World Library  
Flag as Inappropriate
Email this Article

Oriental horse

Article Id: WHEBN0019446986
Reproduction Date:

Title: Oriental horse  
Author: World Heritage Encyclopedia
Language: English
Subject: Arabian horse, Horses in the Middle Ages, Domestication of the horse, Icelandic horse, Andalusian horse
Collection:
Publisher: World Heritage Encyclopedia
Publication
Date:
 

Oriental horse

The Arabian horse is one type of Oriental horse

The term oriental horse refers to the ancient breeds of horses developed in the Middle East, such as the Arabian, Akhal-Teke, Barb, and the now-extinct Turkoman horse. They tend to be thin-skinned, long-legged, slim in build and more physically refined than other types, but with great endurance.[1] Oriental horses, sometimes referred to as "hot-blooded" breeds, have a level of intelligence that allows them to be athletic, versatile, and learn quickly. They are bred for agility and speed and are generally considered spirited and bold.[2]

History

The Hyksos of Ancient Egypt drove chariots pulled by oriental-type horses.[3]

"Oriental" horse, was a tall, slim, refined and agile animal arising in western Asia, adapted to hot, dry climates, and thought to be the progenitor of the modern oriental breeds.[3][4] Original classification of ancient horse phenotypes was originally based on body types and conformation, prior to the availability of DNA for research, and has since been superseded by modern studies.[5] Prior to these developments, the Four Foundations theory suggested the existence of four basic "proto" horses developed with adaptations to their environment prior to domestication by humans.[4] Another theory suggested that the Oriental horse was a separate species or subspecies (once proposed as Equus agilis though modern taxonomy disputes this ever was a true subspecies).[3] However, modern genetic evidence now points at a single domestication event for a limited number of stallions, combined with repeated restocking of wild mares into domesticated herds,[5] making the later divergence of body types a landrace or selective breeding adaption.

Over the centuries, European breeders imported oriental horses from the Middle East and Northern Africa for breeding when they wanted to incorporate characteristic traits into their best horse racing and light cavalry horses.[2] Breeders' use of Arabians, and possibly Barb and Turkoman horses, was instrumental in developing the Thoroughbred breed. Analysis of mitochondrial DNA (mtDNA) in the Andalusian horse shows a clear link to an influx of Barb breeding.[6] Nearly all other breeds of light and warmblood horses have some oriental ancestry, usually through the Arabian.[3]

See also

References

  1. ^ DeFilippis, p. 4
  2. ^ a b Henry,' pp. 59-60
  3. ^ a b c d Edwards, Gladys Brown (1973). The Arabian: War Horse to Show Horse (Revised Collectors ed.). Rich Publishing. pp. 1, 3.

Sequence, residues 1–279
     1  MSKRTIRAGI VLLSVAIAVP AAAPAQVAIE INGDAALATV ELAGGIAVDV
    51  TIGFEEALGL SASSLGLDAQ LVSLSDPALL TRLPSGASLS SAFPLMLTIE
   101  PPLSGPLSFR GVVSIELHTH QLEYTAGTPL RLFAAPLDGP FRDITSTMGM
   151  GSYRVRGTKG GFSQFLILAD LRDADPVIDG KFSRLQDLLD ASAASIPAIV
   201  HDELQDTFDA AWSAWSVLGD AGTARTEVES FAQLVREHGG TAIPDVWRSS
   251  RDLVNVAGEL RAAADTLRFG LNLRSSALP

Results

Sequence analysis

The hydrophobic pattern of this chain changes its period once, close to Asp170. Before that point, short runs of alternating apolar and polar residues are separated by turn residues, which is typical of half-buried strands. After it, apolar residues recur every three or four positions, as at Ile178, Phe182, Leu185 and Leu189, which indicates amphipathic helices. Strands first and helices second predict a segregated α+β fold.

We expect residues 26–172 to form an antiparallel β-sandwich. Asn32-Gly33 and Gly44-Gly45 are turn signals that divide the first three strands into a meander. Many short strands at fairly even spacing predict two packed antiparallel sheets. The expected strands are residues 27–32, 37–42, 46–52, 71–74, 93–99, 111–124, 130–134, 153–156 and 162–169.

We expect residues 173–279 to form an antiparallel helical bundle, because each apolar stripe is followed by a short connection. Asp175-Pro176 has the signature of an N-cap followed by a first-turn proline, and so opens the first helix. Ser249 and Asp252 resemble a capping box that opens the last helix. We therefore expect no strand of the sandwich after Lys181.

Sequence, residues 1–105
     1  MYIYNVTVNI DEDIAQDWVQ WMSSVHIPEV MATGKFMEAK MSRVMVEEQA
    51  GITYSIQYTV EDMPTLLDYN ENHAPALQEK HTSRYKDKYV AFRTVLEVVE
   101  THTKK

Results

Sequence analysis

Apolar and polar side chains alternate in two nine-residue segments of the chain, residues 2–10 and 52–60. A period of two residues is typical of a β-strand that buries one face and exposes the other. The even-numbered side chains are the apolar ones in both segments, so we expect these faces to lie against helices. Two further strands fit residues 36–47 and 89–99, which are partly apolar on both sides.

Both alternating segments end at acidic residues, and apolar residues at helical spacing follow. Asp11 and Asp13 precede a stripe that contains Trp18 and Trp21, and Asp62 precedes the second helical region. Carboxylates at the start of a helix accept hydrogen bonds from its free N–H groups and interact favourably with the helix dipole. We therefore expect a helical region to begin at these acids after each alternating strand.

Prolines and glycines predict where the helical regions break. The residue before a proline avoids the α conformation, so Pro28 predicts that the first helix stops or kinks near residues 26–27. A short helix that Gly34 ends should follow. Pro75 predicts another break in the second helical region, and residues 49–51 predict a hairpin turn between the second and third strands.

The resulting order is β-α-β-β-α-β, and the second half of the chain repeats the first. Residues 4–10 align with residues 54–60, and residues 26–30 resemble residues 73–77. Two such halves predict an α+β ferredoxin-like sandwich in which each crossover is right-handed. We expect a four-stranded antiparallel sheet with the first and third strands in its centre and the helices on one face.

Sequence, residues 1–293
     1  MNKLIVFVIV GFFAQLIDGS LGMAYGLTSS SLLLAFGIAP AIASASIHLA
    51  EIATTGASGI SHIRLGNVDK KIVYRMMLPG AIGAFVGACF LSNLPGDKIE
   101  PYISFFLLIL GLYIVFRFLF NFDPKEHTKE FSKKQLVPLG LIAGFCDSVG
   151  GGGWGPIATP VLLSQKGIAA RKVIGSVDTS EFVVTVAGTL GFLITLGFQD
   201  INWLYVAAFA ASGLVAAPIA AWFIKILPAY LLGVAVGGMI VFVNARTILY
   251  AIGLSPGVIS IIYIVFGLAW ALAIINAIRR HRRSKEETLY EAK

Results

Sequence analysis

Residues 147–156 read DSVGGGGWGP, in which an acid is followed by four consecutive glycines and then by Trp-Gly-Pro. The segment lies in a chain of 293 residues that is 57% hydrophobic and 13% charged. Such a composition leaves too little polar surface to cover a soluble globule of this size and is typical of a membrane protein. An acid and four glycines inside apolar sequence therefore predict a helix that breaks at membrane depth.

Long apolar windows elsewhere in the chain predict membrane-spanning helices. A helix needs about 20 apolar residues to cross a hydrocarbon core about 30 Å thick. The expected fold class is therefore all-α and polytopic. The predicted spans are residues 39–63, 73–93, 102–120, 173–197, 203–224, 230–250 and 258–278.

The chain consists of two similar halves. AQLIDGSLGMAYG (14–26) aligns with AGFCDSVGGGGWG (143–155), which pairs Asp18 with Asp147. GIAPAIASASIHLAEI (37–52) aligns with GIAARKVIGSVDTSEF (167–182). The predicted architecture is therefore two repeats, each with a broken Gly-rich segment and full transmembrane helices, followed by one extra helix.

4. ^ a b Bennett, p. 7
  5. ^ a b Lindgren, Gabriella; Niclas Backström, June Swinburne, Linda Hellborg, Annika Einarsson, Kaj Sandberg, Gus Cothran, Carles Vilà, Matthew Binns & Hans Ellegren (2004). "Limited number of patrilines in horse domestication".  
  6. ^ Royo, L.J., I. Álvarez, A. Beja-Pereira, A. Molina, I. Fernández, J. Jordana, E. Gómez, J. P. Gutiérrez, and F. Goyache (2005). "The Origins of Iberian Horses Assessed via Mitochondrial DNA". Journal of Heredity 96 (6): 663–669.  

Sources

This article was sourced from Creative Commons Attribution-ShareAlike License; additional terms may apply. World Heritage Encyclopedia content is assembled from numerous content providers, Open Access Publishing, and in compliance with The Fair Access to Science and Technology Research Act (FASTR), Wikimedia Foundation, Inc., Public Library of Science, The Encyclopedia of Life, Open Book Publishers (OBP), PubMed, U.S. National Library of Medicine, National Center for Biotechnology Information, U.S. National Library of Medicine, National Institutes of Health (NIH), U.S. Department of Health & Human Services, and USA.gov, which sources content from all federal, state, local, tribal, and territorial government publication portals (.gov, .mil, .edu). Funding for USA.gov and content contributors is made possible from the U.S. Congress, E-Government Act of 2002.
 
Crowd sourced content that is contributed to World Heritage Encyclopedia is peer reviewed and edited by our editorial staff to ensure quality scholarly research articles.
 
By using this site, you agree to the Terms of Use and Privacy Policy. World Heritage Encyclopedia™ is a registered trademark of the World Public Library Association, a non-profit organization.
 



Copyright © World Library Foundation. All rights reserved. eBooks from World eBook Library are sponsored by the World Library Foundation,
a 501c(4) Member's Support Non-Profit Organization, and is NOT affiliated with any governmental agency or department.